OTTAWA -- As of today, City of Ottawa staff, like transit workers, bylaw officers, and those working at city hall, must show proof they are fully vaccinated or risk consequences.

The city announced its COVID-19 vaccination policy in September, initially giving employees until Nov. 1 to be fully vaccinated. The deadline was extended by two weeks to allow for additional on-site technical support for staff to upload their vaccination status and provide employees who had just received their second doses more time to achieve the two-week waiting period to be fully vaccinated.

Any employee who refuses to comply with the requirements of the mandatory vaccination policy will not be permitted in the workplace, and may be "subject to a variety of consequences" up to and including dismissal, according to the city.

At least 91 per cent of city staff were fully vaccinated when the deadline extension was announced at the end of October.

It's not just city staff who are facing a deadline. Federal employees must also prove they are fully vaccinated against COVID-19 today. The federal government said in early November that more than 95 per cent of its public servants were fully vaccinated and 98 per cent had at least one dose.

Those who miss the deadline could be placed on unpaid administrative leave.

Employees who are unable to be vaccinated for medical reasons can request accommodation.

Labour and employment lawyer Jon Pinkus says these vaccine mandates are being challenged but, in the case of federal workers, they may not have much of a choice.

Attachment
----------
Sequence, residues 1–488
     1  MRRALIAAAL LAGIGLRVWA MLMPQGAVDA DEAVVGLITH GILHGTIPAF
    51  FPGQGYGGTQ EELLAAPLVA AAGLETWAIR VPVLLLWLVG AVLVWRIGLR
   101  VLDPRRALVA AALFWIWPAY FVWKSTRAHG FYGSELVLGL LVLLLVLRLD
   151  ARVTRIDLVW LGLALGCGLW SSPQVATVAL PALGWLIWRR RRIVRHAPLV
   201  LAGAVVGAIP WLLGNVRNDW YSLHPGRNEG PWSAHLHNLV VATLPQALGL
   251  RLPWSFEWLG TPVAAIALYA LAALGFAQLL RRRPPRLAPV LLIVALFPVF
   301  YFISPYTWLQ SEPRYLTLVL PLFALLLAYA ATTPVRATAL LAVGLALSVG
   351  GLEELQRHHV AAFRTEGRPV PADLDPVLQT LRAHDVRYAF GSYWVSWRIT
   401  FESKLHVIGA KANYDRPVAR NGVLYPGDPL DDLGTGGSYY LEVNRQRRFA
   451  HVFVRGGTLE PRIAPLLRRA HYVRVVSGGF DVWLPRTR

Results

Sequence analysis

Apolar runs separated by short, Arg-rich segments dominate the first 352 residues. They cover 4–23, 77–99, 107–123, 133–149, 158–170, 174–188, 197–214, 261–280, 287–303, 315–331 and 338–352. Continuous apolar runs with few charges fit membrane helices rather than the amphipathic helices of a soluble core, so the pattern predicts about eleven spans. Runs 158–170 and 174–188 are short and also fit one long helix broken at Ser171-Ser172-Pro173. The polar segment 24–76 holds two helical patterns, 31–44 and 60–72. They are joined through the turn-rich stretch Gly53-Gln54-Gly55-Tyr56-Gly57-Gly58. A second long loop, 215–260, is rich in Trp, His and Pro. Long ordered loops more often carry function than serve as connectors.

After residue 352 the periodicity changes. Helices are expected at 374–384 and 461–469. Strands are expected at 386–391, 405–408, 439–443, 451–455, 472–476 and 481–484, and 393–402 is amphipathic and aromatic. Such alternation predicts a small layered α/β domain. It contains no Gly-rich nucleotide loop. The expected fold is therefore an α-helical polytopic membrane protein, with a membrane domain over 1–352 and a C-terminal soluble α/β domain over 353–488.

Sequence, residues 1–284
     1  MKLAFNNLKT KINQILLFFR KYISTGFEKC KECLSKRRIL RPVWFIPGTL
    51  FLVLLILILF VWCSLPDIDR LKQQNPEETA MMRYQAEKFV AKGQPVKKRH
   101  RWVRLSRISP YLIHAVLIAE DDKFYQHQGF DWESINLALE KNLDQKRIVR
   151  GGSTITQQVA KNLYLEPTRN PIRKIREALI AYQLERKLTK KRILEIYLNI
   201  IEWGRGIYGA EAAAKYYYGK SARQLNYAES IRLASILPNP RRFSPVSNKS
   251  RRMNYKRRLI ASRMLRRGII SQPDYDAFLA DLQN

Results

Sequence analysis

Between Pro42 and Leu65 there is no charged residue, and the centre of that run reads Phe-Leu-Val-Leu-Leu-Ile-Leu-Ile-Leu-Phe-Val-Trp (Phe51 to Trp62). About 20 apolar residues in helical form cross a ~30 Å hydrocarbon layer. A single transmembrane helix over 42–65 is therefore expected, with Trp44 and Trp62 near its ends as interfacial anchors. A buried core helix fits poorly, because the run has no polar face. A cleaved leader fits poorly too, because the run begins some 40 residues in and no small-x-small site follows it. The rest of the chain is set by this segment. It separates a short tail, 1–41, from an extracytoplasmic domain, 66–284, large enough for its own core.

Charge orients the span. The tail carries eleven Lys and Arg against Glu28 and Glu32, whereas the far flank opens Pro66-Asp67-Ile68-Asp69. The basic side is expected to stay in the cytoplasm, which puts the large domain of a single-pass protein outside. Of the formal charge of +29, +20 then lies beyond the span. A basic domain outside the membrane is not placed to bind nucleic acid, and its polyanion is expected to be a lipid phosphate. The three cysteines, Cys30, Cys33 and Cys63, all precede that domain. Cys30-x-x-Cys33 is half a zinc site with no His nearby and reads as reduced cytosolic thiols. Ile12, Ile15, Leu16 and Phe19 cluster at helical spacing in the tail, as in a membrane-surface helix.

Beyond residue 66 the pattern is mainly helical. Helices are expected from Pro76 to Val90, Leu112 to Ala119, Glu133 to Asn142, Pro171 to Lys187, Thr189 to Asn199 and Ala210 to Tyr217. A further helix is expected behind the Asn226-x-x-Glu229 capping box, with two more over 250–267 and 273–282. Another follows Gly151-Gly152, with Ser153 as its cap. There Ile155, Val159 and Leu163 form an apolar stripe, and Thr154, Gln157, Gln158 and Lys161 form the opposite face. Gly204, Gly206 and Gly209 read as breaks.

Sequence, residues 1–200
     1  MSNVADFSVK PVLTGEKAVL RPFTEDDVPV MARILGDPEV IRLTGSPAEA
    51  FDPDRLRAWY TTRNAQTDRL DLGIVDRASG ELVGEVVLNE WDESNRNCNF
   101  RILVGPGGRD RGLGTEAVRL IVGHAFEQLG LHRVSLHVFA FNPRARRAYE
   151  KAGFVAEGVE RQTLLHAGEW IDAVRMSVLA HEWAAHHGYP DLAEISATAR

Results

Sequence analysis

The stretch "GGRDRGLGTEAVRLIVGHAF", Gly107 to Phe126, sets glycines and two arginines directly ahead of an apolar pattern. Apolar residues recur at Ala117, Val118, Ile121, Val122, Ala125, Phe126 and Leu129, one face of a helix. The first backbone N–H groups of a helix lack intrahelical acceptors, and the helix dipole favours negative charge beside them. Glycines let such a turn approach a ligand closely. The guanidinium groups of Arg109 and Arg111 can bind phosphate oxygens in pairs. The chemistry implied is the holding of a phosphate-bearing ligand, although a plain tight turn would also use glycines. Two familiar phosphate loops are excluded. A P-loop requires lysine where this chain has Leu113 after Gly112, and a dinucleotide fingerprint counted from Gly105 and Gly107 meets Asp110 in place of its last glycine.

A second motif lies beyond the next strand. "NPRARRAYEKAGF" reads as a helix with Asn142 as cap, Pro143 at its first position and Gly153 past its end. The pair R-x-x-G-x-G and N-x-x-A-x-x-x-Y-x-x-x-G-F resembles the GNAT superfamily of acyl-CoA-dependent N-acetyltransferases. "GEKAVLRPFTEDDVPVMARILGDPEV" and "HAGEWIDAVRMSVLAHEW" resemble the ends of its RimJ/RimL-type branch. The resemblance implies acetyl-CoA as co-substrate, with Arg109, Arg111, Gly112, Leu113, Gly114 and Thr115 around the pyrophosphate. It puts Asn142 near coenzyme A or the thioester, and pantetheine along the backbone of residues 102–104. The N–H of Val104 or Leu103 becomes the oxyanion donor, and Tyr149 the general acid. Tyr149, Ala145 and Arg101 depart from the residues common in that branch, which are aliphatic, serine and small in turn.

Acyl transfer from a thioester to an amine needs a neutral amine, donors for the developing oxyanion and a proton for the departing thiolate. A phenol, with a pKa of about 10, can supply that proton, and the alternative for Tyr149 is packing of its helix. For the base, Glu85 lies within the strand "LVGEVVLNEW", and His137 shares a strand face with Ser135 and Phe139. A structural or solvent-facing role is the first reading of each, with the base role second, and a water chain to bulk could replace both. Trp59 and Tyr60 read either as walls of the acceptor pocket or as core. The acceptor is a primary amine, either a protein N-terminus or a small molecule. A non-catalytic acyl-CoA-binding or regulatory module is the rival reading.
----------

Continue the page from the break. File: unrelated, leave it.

"In the unionized context, what's really going to be an issue here is was there a third-party mandate? Was there a mandate that has force of law?" he said. "Federal workers, I think, may be out of luck. The federal government has required that and so, for those people, many of them are not going to have recourse."

Cases climbing in Ontario, but vaccine offers protection

This comes as Ontario is reporting an increase in cases, with more than 600 new infections reported on both Saturday and Sunday.

However, infectious disease specialist Dr. Sumon Chakrabarti says it is important to note who is being affected, especially as we start to see numbers go up.

"If you look at hospitalization, especially for people in ICU, it's the people who are not protected by the vaccine," he said. "Yes, we are certainly seeing cases going up, but that's nowhere near as important as it was a year ago when nobody was vaccinated. Now, even if we have case numbers, the people who are getting the sickest are unvaccinated and they are the vast minority."

The most recent data from the Ontario government, reported on Saturday, showed 64 of 131 patients in Ontario ICUs were unvaccinated, while 13 were fully vaccinated. The remainder were partially vaccinated or their status was unknown.

More than 11.1 million Ontarians—or 75 per cent of the province's total population—are fully vaccinated.

In Ottawa, more than 805,000 residents, or 76 per cent of the population, are fully vaccinated.

Quebec public servants start returning to the office

Public servants in Quebec are starting a gradual return to their offices today.

The plan would see workers spending two days a week working on site and three days a week working from home. By Jan. 14, 2022, the province is aiming to have 50 per cent of its civil servants working in this model.